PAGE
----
I’ve also tried audiobooks by authors like Michael Crichton and John Grisham, but those typically are abridged.  Yuck.  Quick tip for you, avoid the unabridged “Fellowship of the Ring” like the plague. It’s something like 13 discs and the Tom Bombadil singing segments will make you want to swallow the barrel of a gun.  No kidding.


PodcastsWithin the past two years, I’ve fallen in love with podcasts.  What a great way to find audio product tailored to my interests.  I went from having to listen to my audio dramas and audiobooks multiple times in order to fill my daily commute, to now having more stuff available than I have time to listen to.  Obviously I’m partial to this medium as I participate in two different podcasts (The Unique Geek & Views from the Longbox).  I listen to podcasts primarily about comic books, but there are podcasts out there on just about everything and anything.  Someday I’ll have to list out all the podcasts that interest me.


In the interest of full disclosure, I should mention that I listen to music on rare occasion.  However, when I do it’s always something from my own collection.  Usually it’s movie soundtracks or music from the 1980s.  One of the fun things we do at my house is play my 1980’s compilation on random and let the kids dance around.  They love it!  They call it “Funky Dance Party”.  It’s hilarious to see an eight year old and a two year old bounce around to “Take On Me” by A-ha.  :)

About two years after I’d given up radio, I decided to try listening again as an experiment to see if there had been any change.  I was shocked and appalled that after two years away from the radio, I didn’t hear a single new song and the rotation had remained mostly the same.  How sad.  I’m glad I’m not still a radio listener.

And for those of you thinking, “Why doesn’t he just listen to NPR?  That would solve his music concerns.”  No thanks.  I’ve tried both NPR and sports radio.  Neither holds my interest.  But thanks for thinking of me!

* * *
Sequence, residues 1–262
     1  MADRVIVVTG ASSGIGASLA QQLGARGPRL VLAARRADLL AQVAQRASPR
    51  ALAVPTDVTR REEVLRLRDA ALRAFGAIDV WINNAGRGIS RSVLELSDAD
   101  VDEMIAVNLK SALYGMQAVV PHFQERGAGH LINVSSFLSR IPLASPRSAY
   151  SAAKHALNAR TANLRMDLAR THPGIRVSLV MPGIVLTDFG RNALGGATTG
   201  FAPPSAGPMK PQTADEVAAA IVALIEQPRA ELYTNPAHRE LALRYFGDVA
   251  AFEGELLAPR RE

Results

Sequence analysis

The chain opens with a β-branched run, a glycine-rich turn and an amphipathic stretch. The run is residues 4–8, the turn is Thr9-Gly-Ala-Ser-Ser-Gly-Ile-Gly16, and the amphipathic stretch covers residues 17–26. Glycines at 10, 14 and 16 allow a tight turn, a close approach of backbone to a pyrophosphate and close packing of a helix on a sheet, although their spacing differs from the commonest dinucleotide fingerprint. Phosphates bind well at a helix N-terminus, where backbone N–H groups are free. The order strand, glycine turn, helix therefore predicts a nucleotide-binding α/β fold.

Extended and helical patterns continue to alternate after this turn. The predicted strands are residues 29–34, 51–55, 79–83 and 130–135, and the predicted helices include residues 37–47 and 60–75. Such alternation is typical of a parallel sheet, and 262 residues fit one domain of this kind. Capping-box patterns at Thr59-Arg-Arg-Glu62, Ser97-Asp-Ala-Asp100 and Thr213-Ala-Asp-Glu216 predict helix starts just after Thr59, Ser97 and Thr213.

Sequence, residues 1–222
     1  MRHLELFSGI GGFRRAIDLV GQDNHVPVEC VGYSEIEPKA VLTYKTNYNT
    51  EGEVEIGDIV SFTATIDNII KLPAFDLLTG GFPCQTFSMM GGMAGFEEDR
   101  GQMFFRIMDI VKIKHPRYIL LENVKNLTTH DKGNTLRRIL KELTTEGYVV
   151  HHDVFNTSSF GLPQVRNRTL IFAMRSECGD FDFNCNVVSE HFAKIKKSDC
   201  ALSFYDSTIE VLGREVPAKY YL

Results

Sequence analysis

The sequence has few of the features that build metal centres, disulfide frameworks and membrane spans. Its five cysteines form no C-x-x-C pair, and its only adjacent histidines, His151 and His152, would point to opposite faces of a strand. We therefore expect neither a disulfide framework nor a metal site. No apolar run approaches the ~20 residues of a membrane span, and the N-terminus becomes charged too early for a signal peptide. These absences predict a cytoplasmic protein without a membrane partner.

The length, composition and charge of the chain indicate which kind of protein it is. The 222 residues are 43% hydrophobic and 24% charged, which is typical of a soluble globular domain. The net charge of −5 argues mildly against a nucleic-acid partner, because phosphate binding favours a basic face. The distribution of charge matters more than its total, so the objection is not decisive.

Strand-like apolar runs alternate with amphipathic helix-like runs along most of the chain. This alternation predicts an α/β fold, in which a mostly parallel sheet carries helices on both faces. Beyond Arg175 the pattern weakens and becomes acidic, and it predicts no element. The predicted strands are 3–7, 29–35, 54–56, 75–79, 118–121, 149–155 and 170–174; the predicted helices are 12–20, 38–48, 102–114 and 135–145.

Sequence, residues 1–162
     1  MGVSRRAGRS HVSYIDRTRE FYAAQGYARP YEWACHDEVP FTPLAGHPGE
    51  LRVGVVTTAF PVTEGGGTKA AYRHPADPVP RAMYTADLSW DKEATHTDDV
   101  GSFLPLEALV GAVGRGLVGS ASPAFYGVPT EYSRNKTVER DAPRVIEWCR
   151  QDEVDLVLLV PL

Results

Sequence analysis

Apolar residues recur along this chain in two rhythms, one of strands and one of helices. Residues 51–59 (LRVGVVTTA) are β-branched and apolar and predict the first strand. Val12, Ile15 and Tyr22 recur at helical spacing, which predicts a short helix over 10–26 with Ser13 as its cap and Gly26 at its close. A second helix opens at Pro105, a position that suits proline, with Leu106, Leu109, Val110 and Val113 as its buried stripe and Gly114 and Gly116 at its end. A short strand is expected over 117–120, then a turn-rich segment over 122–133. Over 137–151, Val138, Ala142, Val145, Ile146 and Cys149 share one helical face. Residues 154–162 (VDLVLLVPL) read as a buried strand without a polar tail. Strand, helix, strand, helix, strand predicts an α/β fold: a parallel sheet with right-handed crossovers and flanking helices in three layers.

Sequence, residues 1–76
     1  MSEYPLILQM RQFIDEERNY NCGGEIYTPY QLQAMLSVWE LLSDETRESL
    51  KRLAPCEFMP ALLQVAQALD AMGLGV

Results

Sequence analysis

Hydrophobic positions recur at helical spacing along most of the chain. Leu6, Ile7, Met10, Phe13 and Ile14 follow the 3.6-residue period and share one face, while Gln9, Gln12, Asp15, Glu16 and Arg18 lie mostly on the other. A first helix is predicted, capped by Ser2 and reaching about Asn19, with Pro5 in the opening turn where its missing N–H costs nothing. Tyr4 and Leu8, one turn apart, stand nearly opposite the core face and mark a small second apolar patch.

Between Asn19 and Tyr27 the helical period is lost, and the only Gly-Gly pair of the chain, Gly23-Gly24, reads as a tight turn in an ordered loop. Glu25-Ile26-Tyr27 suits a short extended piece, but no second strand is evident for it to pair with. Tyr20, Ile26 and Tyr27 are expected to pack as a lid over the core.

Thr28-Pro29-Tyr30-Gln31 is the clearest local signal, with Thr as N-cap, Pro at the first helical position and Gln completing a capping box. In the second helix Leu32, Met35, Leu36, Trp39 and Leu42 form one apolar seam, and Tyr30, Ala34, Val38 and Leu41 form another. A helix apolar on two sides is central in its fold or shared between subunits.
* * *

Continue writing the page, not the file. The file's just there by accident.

Thanks to my buddy Michael Bailey (Views from the Longbox and Fortress of Baileytude) for inspiring this post by asking a question about audiobooks on THE UNIQUE GEEK listserv.

Finally, your local library is a great source for free audiobooks and radio plays.  Be sure to check them out!  Support your local library!

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5 Responses to “Radio-Free America”

  1. 44 Says:

    you tried sports radio…shocked is not the right word.

  2. Steven Marsh Says:

    I’m suprised NPR doesn’t hold your attention. Oh, well… to each his own. (The programs are hit and miss, but some of them are riveting; “This American Life,” in particular, is the source of many hours of happy listening.)

    I’m a bit surprised the BBC doesn’t get more of a nod here; they’re the ones who really continue hitting the audio-drama drum hard. Their productions are generally top-notch. Our library has the complete BBC production of the Sherlock Holmes stories, among others. And the BBC has also dabbled in the comic world, including “Batman: Knightfall,” “The Death of Superman,” and (IIRC) “Infinite Crisis.” Plus they also did adaptations of “Dark Empire” and “Dark Empire II” that exceeded the source comics (not a difficult feat, admittedly). Also, the Beeb recently did a radio-only Torchwood story, available for download here: http://www.bbc.co.uk/radio4/bigbang/torchwood.shtml

    If you’re running out of stuff to listen to, I’d also check out “Old-Time Radio,” which are (as the name suggests) radio broadcasts from the 1940s and ’50s. Many of these are public domain, and freely available; check out http://www.archive.org/details/oldtimeradio

    Some offerings are even more recent, like these Marvel Fantastic Four radio programs from the 1970s: http://www.archive.org/details/FantasticFour-10Episodes

  3. Shag Says:

    Hey guys – Thanks for the comments!

    Serv – I actually tried listening to Florida Marlin’s games on the radio. They were somewhat interesting, but only for so long.

    Steven – I think I’ve heard a few BBC audio dramas, but I don’t recall exactly. Thanks for the other suggestions!


  4. Kelson Says:

    The state of radio in the Los Angeles area was pretty dismal a few years ago, and I found myself listening… well, to NPR, until I finally got an iPod and started listening to my own collection on the road. It’s picked up a lot lately, and I’ve actually got more than two presets on my dial again. (Aside: why do we still call it a “dial?”)

  5. » Radio-Free America » Audio Books Says:

    […] Original post by Shag […]